June 17, 2020

By Brad Grimes

Next Step | AVIXA

As societies worldwide get back to business, with the coronavirus pandemic still ongoing, AV companies are ready to work. Many never stopped working. In much of the United States and elsewhere, AV integrators were deemed essential under the umbrella of telecommunications and construction professionals, and could therefore continue working where customers invited them in.

Doing so has required making adjustments, adhering to local regulations, and working with clients to keep their health concerns front-and-center while also delivering the AV and communication experiences they seek. Now, those same considerations will guide them through a phased reopening.

Open to Working in New Ways

“The one thing that has remained constant through this whole period of change — because we've seen things change from one day to the next — is the idea that we have to keep an open mind,” says Bill Warnick, CEO of Solutionz. “It's forced us to think creatively about things we haven't thought about before, like where we keep equipment and how we build racks.”


Today, getting to work not only means how AV companies execute safely at client sites, but also how they open their own offices and welcome back employees who have been working remotely — and may continue to do so.

Solutionz has offices around the U.S. In the Northeast region, Warnick says, techs were using the regional president’s office to build racks because she was working from home.

“We decided to adhere as closely to government mandates as possible,” Warnick says. “We put out a minimum set of guidelines that our offices had to adhere to, then each of the regional leaders could augment it. Because everything was state-specific. One office would be doing business as usual, while another would be in total lockdown.”

Today, getting to work not only means how AV companies execute safely at client sites, but also how they open their own offices and welcome back employees who have been working remotely — and may continue to do so.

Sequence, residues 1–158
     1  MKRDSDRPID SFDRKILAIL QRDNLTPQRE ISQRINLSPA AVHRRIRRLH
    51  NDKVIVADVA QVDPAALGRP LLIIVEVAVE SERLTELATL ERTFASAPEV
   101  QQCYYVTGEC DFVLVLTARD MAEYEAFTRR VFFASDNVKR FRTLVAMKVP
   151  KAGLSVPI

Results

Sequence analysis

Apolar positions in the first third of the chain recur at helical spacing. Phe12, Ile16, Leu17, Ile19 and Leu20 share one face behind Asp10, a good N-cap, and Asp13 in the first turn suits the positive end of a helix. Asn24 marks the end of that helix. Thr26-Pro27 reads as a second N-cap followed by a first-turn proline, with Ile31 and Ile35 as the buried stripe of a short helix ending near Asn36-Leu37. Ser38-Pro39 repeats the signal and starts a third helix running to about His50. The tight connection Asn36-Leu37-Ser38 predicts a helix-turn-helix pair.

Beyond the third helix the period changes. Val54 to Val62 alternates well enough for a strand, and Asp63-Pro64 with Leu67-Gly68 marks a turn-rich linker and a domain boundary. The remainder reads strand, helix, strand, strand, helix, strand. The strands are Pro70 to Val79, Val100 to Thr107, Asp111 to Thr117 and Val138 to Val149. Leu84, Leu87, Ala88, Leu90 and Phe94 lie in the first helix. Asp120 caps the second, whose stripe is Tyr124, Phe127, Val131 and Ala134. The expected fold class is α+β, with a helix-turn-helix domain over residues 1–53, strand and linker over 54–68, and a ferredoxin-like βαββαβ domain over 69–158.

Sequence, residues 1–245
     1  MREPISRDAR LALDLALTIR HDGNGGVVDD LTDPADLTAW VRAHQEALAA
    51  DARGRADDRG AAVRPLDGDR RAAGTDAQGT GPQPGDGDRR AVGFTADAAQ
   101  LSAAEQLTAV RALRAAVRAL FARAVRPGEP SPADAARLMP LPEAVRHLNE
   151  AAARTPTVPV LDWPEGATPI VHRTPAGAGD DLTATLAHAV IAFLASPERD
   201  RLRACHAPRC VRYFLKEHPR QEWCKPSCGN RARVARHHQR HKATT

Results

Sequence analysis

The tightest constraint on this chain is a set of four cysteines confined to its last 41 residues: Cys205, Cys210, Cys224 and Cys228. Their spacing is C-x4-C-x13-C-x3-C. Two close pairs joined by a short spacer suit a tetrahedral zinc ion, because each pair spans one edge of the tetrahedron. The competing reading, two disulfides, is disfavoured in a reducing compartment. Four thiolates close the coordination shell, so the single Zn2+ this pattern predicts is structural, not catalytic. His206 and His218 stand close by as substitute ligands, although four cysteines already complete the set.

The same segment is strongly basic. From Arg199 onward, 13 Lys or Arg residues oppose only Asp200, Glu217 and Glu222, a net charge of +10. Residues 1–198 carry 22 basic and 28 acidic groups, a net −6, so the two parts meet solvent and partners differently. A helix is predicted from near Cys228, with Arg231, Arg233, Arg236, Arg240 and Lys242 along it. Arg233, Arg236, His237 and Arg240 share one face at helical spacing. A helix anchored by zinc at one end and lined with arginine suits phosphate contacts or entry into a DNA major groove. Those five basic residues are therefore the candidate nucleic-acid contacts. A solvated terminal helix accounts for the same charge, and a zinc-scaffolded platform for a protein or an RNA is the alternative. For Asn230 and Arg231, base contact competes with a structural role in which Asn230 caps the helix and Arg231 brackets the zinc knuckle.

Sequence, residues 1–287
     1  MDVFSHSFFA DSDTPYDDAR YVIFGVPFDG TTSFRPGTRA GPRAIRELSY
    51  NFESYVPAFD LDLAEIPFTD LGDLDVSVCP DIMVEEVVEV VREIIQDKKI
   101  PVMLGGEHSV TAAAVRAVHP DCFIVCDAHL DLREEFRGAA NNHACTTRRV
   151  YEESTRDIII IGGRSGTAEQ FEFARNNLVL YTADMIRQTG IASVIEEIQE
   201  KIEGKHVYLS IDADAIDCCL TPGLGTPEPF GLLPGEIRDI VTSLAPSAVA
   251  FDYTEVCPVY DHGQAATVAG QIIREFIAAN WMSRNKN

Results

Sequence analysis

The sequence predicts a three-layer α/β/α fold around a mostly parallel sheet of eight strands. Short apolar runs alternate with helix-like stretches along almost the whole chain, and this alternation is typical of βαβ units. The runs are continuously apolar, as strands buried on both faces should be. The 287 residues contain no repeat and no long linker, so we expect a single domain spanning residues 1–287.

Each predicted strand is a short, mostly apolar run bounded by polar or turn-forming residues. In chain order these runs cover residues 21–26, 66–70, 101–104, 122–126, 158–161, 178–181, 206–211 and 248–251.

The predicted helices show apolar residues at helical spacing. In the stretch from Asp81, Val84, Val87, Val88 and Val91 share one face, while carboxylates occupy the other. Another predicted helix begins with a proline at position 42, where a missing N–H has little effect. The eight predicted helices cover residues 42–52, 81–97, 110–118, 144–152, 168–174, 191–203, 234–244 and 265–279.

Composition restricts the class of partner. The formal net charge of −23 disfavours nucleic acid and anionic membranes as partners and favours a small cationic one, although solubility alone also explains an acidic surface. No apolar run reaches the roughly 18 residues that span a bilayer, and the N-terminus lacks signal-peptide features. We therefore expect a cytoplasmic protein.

As part of its weekly COVID-19 Impact Survey, AVIXA Market Intelligence asked in late May what steps AV providers were taking to keep safe during the pandemic: 74% said their staffs are wearing masks; 42% were doing extra cleaning at project sites; 40% were reducing the number of staff at project sites; and 36% said they were regularly screening crews for symptoms of COVID-19.

RELATED: For the AV Industry, Tough Times Aren’t Over Yet
Even as more economies begin to open, pro AV business sentiment has appeared to take a turn for the worse.

With more companies attempting to get back to a new normal, we asked AV pros about the lessons they’ve learned during the pandemic and how steps they’ve taken will help them operate safely in the months ahead.

Documenting Safe Practices

In Illinois, where AV integrator IAS Technology is based and where the city of Chicago was a major hotspot of coronavirus infections, different AV clients had different reactions to the unfolding situation. Having a clear plan for working with them proved beneficial. The University of Illinois, with which IAS does extensive AV work, closed down to assess the situation and then opened back up to accommodate projects; Illinois State, another IAS client, shut down completely; and Caterpillar, with which IAS contracted to build out its Chicago headquarters, wanted systems commissioned before June 1.